As the US withdraws and the Taliban advance across large stretches of Afghanistan, women are taking up weapons in local militias to defend their villages. In Ghor province, ethnic Hazara women posed for social-media photos wielding rifles and rocket-launchers, pledging to resist by arms a return to “the dark era of Taliban.” With US and NATO forces evacuating Bagram Air Base, prelude to a full withdrawal by September, the Taliban are rapidly seizing territory. Since launching a spring offensive, the Taliban have doubled their area of control, and now hold nearly 100 of Afghanistan’s 407 districts. In retreat, the central government is calling upon civilians to form militias to fight back. (Photo via Twitter)
The armed forces of Kyrgyzstan and Tajikistan clashed at a disputed section of their border, leaving 30 dead and thousands displaced before a ceasefire was declared. The fighting broke out near the strategic Golovnoi water pumping facility, in the Tajik-controlled exclave of Vorukh. Kyrgyz protesters gathered on their side of the de facto border after Tajik authorities installed surveillance cameras at the facility. The two sides began hurling rocks across the line before military troops intervened. The Golovnoi facility pumps water from the Isfara River, a tributary of the Syr Darya, to irrigate agriculture in the area. It is in the Fergana Valley, a small fertile pocket in the arid Central Asia region. Soviet authorities drew the boundaries so that Kyrgyzstan, Tajikistan and Uzbekistan each got a portion of it. However, this meant intricate, twisting borders, and territorial disputes have arisen. Tajik authorities accuse Kyrgyzstan of seeking to seize the Vorukh exclave. (Map: Perry-Castañeda Library)
International Criminal Court (ICC) prosecutors rejected a complaint filed by exiled Uighurs calling for an investigation of China on charges of genocide and crimes against humanity. The complaint was dismissed on jurisdictional grounds; the People’s Republic of China, like the United States, does not recognize the ICC. But on the question of forcible removal from countries where the ICC does have jurisdiction, the text of the rejection parsed definitions very closely. While acknowledging forced deportations of Uighurs from Tajikistan and Cambodia back to China to face potential internment and persecution, the ICC stated: “Not all conduct which involves the forcible removal of persons from a location necessarily constitutes the crime of forcible transfer or deportation.” (Photo: ETNAM)
Lawyers submitted a complaint to the International Criminal Court (ICC), demanding that an investigation be opened into senior Chinese leaders for genocide and crimes against humanity, allegedly committed against the Uighurs and other Turkic peoples. The complaint was filed on behalf of the East Turkistan Government in Exile (ETGE) and the East Turkistan National Awakening Movement (ETNAM). China is not a signatory to the Rome Statute, but the lawyers argue that the ICC can exercise jurisdiction over these crimes because part of the criminal conduct occurred within the territory of two signatory states—Tajikistan and Cambodia. The complaint asserts that Uighur victims have been unlawfully deported to the People’s Republic of China from Tajikistan and Cambodia to face abuses including murder, unlawful imprisonment, torture, forced sterilization, and forced marriages. (Photo: ETNAM)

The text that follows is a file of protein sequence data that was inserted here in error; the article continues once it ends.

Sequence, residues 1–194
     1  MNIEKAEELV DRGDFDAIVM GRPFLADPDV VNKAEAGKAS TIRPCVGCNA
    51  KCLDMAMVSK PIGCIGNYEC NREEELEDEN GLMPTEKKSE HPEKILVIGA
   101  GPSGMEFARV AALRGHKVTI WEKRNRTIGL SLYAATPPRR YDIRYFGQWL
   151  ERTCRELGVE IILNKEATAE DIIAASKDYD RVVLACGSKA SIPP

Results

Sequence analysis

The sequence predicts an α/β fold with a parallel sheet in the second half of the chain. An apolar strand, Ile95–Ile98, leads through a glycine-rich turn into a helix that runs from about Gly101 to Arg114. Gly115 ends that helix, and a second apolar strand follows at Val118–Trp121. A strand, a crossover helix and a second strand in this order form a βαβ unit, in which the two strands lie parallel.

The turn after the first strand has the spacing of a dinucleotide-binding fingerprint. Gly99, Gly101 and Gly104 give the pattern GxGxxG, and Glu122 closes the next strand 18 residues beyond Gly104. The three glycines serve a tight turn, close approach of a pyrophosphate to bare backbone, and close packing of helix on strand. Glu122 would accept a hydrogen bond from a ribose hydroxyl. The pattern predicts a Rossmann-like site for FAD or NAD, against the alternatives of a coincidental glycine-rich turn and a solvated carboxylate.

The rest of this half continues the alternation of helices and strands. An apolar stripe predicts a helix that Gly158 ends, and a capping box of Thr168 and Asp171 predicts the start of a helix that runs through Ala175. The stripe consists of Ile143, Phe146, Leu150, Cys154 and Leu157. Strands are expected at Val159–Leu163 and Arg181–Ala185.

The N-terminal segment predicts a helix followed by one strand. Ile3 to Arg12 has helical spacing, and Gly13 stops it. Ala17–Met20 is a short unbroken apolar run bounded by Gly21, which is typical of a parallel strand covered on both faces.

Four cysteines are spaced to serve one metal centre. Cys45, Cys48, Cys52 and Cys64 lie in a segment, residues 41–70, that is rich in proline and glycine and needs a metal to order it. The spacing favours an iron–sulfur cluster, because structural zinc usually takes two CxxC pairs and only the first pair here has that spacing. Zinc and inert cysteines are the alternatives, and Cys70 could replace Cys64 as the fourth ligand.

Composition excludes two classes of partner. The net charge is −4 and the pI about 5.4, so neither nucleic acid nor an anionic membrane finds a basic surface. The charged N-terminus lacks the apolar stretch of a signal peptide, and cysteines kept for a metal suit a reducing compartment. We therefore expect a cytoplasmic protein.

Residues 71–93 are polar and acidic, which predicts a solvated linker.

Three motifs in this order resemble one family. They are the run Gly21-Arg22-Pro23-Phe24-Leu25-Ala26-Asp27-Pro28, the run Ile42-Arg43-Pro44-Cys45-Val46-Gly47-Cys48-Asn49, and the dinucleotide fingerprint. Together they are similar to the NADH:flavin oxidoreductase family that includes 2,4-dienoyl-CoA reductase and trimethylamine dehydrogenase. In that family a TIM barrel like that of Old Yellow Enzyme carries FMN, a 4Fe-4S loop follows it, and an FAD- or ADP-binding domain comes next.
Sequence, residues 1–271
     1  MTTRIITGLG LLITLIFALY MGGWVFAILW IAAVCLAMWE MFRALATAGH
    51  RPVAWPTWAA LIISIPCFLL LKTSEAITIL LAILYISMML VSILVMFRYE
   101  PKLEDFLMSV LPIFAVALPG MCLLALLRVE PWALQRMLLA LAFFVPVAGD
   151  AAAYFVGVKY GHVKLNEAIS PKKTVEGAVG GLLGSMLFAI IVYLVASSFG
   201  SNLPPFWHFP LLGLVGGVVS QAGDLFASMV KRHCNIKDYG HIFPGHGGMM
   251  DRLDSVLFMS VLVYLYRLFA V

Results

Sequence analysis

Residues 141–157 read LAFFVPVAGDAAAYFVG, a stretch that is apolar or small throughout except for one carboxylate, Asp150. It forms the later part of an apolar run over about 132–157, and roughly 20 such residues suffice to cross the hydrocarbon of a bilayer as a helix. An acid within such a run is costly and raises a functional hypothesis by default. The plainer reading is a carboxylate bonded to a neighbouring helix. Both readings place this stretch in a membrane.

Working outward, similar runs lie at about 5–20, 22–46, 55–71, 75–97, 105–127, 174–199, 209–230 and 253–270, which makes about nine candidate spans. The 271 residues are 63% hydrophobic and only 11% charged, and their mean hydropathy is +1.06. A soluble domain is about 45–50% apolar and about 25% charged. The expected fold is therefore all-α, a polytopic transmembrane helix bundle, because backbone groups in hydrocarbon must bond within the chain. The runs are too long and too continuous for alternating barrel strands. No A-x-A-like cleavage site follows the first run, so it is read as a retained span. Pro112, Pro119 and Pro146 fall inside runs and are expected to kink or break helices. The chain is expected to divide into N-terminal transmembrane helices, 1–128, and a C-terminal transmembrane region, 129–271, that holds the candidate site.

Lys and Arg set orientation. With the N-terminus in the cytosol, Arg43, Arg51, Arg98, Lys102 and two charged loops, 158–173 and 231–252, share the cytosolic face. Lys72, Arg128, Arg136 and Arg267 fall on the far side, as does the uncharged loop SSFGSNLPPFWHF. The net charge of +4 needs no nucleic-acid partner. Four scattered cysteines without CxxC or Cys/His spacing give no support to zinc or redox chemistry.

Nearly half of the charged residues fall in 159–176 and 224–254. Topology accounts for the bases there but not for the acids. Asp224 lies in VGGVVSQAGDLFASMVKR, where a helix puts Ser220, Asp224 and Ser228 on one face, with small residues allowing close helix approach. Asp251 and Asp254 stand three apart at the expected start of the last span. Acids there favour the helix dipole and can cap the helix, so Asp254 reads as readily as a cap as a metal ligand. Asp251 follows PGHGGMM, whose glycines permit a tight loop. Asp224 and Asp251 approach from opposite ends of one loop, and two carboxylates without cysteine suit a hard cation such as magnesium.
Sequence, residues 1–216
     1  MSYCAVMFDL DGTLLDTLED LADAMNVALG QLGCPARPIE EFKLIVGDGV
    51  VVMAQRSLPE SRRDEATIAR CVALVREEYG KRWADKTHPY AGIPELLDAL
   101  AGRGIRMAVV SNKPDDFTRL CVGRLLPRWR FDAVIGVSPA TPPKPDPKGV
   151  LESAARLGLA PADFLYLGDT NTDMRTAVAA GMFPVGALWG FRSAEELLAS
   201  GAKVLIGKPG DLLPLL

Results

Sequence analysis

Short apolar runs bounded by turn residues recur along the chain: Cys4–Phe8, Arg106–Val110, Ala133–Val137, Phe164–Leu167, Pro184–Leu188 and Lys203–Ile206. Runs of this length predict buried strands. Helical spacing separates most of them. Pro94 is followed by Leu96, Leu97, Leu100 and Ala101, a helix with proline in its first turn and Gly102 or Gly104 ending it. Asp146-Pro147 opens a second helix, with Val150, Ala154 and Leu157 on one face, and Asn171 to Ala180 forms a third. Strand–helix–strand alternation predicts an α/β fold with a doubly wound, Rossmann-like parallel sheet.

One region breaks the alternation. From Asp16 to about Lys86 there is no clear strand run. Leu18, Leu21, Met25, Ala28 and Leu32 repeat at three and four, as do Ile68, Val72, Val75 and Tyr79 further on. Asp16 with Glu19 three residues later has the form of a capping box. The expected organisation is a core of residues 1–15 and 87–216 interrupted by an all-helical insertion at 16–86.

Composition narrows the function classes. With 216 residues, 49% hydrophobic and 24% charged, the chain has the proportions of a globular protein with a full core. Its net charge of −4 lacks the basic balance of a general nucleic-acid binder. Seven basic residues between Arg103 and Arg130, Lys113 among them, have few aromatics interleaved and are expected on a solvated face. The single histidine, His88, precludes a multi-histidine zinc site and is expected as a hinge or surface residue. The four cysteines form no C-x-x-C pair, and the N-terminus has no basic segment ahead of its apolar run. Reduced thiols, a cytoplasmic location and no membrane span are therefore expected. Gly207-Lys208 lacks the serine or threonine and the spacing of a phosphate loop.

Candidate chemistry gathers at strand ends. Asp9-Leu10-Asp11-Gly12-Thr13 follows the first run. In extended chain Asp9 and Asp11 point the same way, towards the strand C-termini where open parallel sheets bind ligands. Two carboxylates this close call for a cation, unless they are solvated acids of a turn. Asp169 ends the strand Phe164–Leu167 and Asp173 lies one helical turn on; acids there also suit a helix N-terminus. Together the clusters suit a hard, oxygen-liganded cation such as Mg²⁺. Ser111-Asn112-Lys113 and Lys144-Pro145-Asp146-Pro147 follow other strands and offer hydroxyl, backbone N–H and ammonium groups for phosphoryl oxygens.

Recent US raids in Afghanistan have targeted presumed forces of the East Turkestan Islamic Movement, the supposed Uighur militant network active in China's far-western Xinjiang region. News of the air-strikes in Badakhshan province comes amid reports that China is preparing to establish a military base in the same region of Afghanistan. Badakhshan forms a long panhandle between Tajikistan to the north and Pakistan to the south to reach a border with Chinese territory. (Photo: US troops on patrol in Zabul province; US Army via Flickr)
Voters in Tajikistan approved changes to the constitution allowing President Emomali Rahmon—in office since 1992—to rule indefinitely, as well as expanding his powers.
A former police commander from Tajikistan was featured in an ISIS video boasting that he had been trained by Blackwater in the US under State Department aegis.
A court in Tajikistan sentenced human rights lawyer Sukhrat Kudratov to nine years in prison, in what Amnesty International called "a serious setback for the freedom of expression."
One of Afghanistan’s top airlines has been officially blacklisted by US authorities for allegedly trafficking opium on civilian flights. The Kabul regime is demanding evidence.
Tajikistan sealed its border with Afghanistan after clashes with armed rebels left 48 dead—a re-escalation of conflict over control of the cross-border traffic in Afghan opium.